champagne and flowers

This simple and stunning floral arrangement will beautifully grace your holiday table or serve as a novel hostess gift. It works double-duty as a floral arrangement and a festive drink. Once the flowers have run their course, you can remove the oasis and pop open the bottle of bubbly.

Embellish arrangement with descriptive words for your Thanksgiving table

Embellish arrangement with descriptive Holiday Expressions tags

Surprisingly, this arrangement was made with just three bunches of flowers from my local Pavilions grocery store. The flowers and the Oasis floral foam came to a mere $18. The bottle of champagne (or sparkling wine) adds to the cost, but you can still create an affordable arrangement or gift on a budget. See this list from Gayot for their top Ten Sparkling Wines; all reasonably priced.

Start with three small bunches of florals

Start with three small bunches of florals

 

Alstroemerias in a deep burgundy play well against the Chrysanthemums

Alstroemerias in a deep burgundy play well against the Chrysanthemums


Items Needed

1 bottle Champagne or Sparkling Wine/Prosecco
Oasis floral foam
2 to 3 bunches of flowers
Chrysanthemum (burgundy and gold)
Alstroemeria (deep burgudy)
Fishing wire
Holiday Expressions tags (the ones pictured below are from the Paper Source)

Gently hang word tags from your arrangement with clear fishing wire

Gently hang Holiday Expressions tags from your arrangement with clear fishing wire

Directions
Make sure oasis is soaked in water for 30 minutes to 1 hour. Once soaked, take the oasis out of the water and let drain for a few minutes. Take the oasis and cut the edges so the shape is more circular. The oasis is easy to cut with a sharp knife – think of it as slicing a piece of cake. Once you have the desired circular shape, carefully push it down onto the chamapgne bottle until it is firmly in place. Water may drip down the bottle as you are working with it so keep a paper towel on hand to wipe up any moisture.

Trim corners of the square oasis into a circular shape

Trim corners of the square oasis into a circular shape

Gently push oasis onto top of bottle until firmly in place. Wipe up any moisture that may drip down the bottle while you are creating the arrangement

Gently push oasis onto top of bottle until firmly in place. Wipe up any moisture that may drip down the bottle while you are creating the arrangement

Start filling in around all sides of the oasis, one flower at a time. Be sure to fill in from the bottom as well for a round and robust effect. Keep filling in the oasis, varying the colors and types of flowers. Your goal is to create a round shape that is full. You don’t want to see any part of the green oasis. Once you have everything filled in, make sure you turn the bottle to look at it from all sides.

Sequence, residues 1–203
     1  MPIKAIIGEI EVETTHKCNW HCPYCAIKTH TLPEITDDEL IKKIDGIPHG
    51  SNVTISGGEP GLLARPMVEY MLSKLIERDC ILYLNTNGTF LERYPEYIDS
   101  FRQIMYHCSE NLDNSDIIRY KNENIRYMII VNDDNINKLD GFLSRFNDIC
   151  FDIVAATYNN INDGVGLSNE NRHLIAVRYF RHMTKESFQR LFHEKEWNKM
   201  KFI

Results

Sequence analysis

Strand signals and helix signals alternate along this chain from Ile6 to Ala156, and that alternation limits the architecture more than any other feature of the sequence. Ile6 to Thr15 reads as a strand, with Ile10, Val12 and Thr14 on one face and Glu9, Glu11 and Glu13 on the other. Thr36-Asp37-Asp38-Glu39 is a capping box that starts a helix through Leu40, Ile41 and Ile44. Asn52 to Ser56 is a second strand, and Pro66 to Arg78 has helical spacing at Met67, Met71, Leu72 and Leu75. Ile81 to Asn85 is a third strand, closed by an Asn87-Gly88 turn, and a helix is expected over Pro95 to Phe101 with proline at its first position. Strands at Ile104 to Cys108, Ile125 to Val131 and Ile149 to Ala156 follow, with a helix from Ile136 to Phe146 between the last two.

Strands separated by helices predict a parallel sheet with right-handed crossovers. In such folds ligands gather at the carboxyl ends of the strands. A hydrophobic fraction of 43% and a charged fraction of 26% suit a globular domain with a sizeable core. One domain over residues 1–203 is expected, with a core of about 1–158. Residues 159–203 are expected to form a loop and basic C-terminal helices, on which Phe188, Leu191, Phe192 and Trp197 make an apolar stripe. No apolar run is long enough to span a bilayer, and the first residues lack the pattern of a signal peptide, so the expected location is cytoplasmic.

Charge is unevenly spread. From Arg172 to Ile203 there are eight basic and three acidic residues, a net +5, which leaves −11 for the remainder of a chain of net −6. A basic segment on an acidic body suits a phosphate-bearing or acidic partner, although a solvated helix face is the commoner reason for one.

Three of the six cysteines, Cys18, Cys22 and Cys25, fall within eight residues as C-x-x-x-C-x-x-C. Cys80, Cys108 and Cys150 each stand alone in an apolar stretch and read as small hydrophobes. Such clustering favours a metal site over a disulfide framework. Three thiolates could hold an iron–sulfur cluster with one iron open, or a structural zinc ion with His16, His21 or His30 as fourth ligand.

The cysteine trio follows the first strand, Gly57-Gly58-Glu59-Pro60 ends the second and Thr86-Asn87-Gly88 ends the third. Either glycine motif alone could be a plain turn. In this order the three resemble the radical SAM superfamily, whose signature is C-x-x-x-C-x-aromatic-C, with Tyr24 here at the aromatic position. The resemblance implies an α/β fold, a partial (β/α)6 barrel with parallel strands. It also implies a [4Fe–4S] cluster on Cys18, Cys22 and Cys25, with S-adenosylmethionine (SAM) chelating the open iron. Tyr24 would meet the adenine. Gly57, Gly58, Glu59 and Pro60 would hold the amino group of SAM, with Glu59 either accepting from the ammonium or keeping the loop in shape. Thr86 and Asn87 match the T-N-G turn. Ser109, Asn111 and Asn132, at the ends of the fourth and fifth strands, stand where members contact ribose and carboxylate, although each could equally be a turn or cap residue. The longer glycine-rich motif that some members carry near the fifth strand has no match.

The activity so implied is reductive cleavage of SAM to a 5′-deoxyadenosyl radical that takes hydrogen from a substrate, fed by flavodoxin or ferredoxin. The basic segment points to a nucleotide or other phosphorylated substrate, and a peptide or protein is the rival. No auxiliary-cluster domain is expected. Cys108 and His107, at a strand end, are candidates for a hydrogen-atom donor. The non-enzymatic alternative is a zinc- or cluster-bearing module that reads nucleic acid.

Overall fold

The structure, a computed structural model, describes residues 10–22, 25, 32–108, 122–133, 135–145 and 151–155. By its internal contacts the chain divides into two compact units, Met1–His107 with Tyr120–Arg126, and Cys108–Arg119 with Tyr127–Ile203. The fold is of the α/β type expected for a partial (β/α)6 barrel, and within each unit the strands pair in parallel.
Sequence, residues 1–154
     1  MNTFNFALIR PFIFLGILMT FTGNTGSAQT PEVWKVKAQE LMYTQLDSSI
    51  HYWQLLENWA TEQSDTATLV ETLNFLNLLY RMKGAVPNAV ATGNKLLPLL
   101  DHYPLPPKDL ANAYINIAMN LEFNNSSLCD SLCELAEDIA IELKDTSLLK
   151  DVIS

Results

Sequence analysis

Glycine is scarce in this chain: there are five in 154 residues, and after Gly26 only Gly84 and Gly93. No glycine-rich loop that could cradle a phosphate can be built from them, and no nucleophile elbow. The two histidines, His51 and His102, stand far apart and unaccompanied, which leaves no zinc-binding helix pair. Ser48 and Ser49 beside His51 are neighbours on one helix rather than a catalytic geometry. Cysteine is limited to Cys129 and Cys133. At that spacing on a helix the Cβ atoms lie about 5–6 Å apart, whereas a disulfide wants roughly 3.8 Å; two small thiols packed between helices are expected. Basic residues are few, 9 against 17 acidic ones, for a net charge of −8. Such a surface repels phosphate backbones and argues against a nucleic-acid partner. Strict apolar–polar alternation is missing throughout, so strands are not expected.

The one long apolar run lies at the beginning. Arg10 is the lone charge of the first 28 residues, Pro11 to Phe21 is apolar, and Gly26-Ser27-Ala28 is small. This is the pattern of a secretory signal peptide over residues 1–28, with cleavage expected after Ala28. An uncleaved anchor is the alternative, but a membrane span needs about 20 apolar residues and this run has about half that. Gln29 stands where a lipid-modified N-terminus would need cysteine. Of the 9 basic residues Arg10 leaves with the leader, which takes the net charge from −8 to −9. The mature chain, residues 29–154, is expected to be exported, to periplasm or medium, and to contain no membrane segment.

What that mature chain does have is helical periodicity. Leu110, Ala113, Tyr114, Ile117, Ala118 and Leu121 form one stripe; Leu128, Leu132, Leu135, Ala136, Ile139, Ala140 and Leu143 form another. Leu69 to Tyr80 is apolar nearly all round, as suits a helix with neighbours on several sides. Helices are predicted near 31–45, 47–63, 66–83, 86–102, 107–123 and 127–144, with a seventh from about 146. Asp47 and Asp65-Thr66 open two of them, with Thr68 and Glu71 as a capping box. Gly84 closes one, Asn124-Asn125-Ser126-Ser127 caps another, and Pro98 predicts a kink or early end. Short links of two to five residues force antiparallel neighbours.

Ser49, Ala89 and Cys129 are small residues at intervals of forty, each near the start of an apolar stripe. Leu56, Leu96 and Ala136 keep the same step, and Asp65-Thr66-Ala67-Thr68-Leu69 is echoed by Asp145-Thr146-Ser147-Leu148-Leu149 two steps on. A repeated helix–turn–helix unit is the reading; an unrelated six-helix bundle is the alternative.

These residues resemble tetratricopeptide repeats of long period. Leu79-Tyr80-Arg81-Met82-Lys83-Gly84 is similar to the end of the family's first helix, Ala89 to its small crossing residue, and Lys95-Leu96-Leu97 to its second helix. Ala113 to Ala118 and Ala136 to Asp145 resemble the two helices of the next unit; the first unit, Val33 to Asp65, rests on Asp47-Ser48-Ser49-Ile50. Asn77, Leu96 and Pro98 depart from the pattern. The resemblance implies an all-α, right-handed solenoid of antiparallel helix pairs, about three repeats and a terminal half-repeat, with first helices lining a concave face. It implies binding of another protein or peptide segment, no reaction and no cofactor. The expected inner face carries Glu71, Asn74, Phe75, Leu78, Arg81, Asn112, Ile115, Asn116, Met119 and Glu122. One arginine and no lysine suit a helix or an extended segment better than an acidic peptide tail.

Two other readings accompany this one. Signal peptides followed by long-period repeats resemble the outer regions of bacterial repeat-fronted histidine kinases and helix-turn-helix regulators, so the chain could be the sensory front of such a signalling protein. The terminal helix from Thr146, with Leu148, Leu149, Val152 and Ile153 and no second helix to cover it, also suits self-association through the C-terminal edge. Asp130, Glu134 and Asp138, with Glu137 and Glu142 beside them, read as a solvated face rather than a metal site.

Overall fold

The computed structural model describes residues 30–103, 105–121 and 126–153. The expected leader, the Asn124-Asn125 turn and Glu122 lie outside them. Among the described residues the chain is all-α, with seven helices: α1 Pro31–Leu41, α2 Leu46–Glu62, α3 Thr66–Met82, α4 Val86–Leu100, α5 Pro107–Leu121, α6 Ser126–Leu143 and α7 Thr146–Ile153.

Start filling in the oasis from all sides, making sure to cover the bottom as well

Start filling in the oasis from all sides, making sure to cover the bottom as well

 

Keep filling in with flowers until you have a full effect and the oasis cannot be seen at all

Keep filling in with flowers until you have a full effect and the oasis cannot be seen at all

If you want to embellish the arrangements with special holiday words (like this version below for Thanksgiving), tie each small card with fishing wire and hang from the arrangement. To keep your arrangement alive, you can spritz with water every other day. This arrangement here lasted over a week.

I love how the fishing wire is invisible, creating a floating look with the word cards.

I love how the fishing wire is invisible, creating a floating look with the Holiday Expressions tags

Bold holiday colors showcase the beautiful arrangement

Bold holiday colors showcase the beautiful arrangement

alice’s stuffing

I love holiday recipes that have a life of their own brimming with history, insight and love. This cherished Thanksgiving recipe was shared by one of my dear friends, Annie-Laurie.

Annie-Laurie married into an Irish family of five, with her husband being the baby and the only boy. From day one, the family scooped her up into their holiday traditions and high-spirited meals. I’ve heard her recount many years of endearing holiday stories…turkey cook-offs, taking turns around the table saying what each person is thankful for, piano playing and singing and a bevy of games from Catch Phrase to Pictionary.

Annie-Laurie’s first Thanksgiving with her husband’s family was 25 years ago. Both of her in-laws have passed on but imprinted onto their family treasured customs that the family shares in, especially during this time of year.

This is Annie-Laurie’s favorite recipe from her mother-in-law, Alice. In reminiscing about Thanksgiving with Alice, she said, “Alice made everything from scratch and she did it so well. The whole meal was ready at the same time. She would always want us to take our time and enjoy it because it took an entire day to prepare. My sister-in-law, Beth, has followed in her footsteps and makes the Thanksgiving meal a treat. Next week we will have Alice’s stuffing and I will savor every mouthful.”

Counterclockwise: Alice's recipe in her own writing. she and husband Jack in the early years. Sitting down to Thanksgiving in the early 80s

Clockwise: Alice’s recipe in her own writing. She and husband Jack in their early years. Sitting down to Thanksgiving in the early 80s.